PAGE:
Great Cicadas sightings from my backyard garden
This Past weekend I posted this query on Facebook about the Cicadas; Does anyone know the scientific name for this little fellow? Accompanied by the picture (shown here) and got some interesting answers in return. Some of the answers was as I expected, the usual suspects such as; Noisy bugs, a bug, quicket, (I supposed that was intended to be "Cricket") and;hat looks like a n...ayam bug". I myself knew it as this latter name. However,
The scientific name for this noisy bug is Cicadas.
This is the noisy bugs video that I shot when I saw them in my backyard garden on the weekend.
After posing the same question to the internet, well a version of it. Since I just inserted the words; noisy bugs in the search engine I got more than 21m hits for the term, and my question was answered.
Some Interesting Facts
Here now are some facts about this noisy little bug. according to our source; Wikipedid.
The cicadas are a superfamily of insects in the order Hemiptera (truebugs), some small species have songs so high in pitch that the noise is inaudible to the human ear.
After a rather lazy 13- 17 years spent relaxing underground, billions of incredibly noisy insects are about to burst out of the earth. Swarms of Magicicada—sometimes referred to as the annual fly or jar fly—rear up on the planet once every 13 or 17 years, depending on their location.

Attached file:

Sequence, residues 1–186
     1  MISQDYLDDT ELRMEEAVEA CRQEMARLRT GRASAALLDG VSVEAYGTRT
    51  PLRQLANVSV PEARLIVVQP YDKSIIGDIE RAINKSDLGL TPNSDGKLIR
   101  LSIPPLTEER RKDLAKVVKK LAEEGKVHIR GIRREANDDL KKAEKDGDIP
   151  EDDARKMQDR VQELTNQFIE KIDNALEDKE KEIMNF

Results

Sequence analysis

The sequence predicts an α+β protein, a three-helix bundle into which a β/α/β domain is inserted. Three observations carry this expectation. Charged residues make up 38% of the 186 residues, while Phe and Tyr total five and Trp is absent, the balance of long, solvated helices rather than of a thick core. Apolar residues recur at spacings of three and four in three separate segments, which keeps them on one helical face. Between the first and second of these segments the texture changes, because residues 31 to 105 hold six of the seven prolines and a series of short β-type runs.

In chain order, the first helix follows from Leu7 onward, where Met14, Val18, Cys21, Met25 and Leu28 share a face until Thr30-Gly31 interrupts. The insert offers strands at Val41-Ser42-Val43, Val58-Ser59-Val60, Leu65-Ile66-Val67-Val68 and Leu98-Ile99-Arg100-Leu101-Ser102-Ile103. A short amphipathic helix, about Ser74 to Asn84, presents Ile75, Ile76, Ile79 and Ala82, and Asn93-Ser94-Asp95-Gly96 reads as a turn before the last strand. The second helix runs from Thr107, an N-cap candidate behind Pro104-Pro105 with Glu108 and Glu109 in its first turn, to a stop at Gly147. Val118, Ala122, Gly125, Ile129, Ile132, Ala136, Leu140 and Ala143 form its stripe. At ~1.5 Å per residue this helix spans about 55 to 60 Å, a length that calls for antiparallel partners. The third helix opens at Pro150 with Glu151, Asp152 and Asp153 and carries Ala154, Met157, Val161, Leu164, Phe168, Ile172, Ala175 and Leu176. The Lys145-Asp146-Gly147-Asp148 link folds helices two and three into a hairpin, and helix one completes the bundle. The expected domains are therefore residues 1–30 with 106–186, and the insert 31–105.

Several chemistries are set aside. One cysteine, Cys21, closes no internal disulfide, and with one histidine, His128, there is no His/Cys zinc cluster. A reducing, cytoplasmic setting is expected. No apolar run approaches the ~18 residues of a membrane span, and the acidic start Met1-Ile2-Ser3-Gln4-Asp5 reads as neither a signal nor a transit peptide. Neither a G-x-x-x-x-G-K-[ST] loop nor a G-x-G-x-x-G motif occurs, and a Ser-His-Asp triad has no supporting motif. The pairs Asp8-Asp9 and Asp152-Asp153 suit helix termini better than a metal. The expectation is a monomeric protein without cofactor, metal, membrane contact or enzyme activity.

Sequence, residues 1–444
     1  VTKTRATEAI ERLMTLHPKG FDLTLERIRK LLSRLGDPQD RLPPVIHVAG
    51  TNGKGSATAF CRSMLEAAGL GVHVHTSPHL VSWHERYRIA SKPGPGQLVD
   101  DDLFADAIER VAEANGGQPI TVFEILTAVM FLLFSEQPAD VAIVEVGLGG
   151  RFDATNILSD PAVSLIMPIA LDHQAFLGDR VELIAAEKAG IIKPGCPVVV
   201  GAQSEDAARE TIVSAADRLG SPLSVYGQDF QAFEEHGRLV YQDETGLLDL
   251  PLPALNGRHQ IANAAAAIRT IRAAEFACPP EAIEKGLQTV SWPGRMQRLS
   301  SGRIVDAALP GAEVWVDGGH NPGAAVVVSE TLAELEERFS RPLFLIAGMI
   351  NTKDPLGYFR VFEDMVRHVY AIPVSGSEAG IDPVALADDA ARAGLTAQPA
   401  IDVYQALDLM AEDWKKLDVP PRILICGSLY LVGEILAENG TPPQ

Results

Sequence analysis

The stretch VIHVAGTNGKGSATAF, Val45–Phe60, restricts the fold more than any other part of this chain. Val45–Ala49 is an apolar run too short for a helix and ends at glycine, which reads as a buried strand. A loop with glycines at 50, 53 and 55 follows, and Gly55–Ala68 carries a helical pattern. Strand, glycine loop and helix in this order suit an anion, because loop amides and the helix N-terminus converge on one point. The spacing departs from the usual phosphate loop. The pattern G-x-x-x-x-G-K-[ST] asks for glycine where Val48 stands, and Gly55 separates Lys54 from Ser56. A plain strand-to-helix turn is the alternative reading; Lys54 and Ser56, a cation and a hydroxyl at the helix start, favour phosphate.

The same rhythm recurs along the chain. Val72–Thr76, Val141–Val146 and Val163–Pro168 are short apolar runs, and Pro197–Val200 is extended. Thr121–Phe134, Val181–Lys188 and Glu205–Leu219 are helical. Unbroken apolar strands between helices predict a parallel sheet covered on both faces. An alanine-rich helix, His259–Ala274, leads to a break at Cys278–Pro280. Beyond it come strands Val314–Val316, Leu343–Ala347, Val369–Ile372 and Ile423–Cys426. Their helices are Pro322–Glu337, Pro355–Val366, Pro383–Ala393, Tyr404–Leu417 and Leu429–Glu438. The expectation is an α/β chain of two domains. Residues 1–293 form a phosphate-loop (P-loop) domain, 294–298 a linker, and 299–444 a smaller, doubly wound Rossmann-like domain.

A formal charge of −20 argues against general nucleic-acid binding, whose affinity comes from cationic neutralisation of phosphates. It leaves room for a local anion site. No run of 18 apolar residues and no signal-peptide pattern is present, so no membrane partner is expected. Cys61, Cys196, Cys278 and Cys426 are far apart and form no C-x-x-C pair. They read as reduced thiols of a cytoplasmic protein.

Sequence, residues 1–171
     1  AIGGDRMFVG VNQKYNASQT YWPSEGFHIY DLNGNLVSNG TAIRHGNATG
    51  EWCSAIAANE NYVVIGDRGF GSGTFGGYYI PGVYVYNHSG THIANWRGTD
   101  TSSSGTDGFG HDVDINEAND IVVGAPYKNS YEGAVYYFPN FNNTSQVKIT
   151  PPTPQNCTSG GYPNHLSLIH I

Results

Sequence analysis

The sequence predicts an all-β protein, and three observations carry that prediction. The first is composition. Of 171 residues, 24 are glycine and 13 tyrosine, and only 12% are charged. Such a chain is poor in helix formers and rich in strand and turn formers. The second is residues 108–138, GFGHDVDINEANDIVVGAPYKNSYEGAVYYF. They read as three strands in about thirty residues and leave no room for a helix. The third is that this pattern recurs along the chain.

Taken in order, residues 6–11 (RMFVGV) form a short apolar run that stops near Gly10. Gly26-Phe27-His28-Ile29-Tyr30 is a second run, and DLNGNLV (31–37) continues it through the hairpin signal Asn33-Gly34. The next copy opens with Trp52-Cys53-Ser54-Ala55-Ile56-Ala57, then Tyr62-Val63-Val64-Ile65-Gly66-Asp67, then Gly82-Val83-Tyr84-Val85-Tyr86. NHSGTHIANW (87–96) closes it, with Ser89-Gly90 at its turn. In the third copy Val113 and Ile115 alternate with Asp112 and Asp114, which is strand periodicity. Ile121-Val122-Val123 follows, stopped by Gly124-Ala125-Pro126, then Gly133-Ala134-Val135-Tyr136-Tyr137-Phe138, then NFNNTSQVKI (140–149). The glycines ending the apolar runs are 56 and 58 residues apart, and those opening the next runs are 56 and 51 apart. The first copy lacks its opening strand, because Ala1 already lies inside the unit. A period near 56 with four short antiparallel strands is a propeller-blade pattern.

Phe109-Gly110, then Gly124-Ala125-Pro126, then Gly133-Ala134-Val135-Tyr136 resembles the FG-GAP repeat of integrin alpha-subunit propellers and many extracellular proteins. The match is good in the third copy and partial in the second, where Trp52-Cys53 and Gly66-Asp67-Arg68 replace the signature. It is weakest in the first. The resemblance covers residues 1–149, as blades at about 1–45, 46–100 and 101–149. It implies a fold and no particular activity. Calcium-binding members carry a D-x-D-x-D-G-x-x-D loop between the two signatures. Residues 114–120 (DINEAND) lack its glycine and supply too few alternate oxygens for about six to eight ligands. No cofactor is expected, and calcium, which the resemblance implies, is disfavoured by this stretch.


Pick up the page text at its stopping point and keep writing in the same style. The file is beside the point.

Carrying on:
Magicicada do take a long time to mature: they spend those 17 long years growing from larvae into their full adult form, feeding on juice from plant roots along the way. Then, the fully grown adults emerge literally all at once, they and typically live for just weeks or months at the most.
This is an interesting video about the Cicadas that I found on my google search of; noisy bugs.
It is said that there are anywhere from 1300 to over 2,500 species of cicadas distributed worldwide with the majority being in the tropics. Most genera are restricted to a single biogeographical region and many species have a very limited range. This high degree of endemism has been used to study the biogeography of complex island groups such as in Indonesia and the Orient.
There are about 200 described species in Australia and New Zealand, around 150 in South Africa, over 170 in America north of Mexico, at least 800 in Latin America, and over 200 in Southeast Asia and the Western Pacific.
About 100 species occur in the Palaearctic ecozone. A few species are found in southern Europe, and a single species is in England, the New Forest Cicada, Melampsalta montana, which also occurs in continental Europe.
Most of the North American species are in the genus Neotibicen: the annual or jar fly or dog-day cicadas (so named because they emerge in late July and August). The best-known North American genus, however, is Magicicada.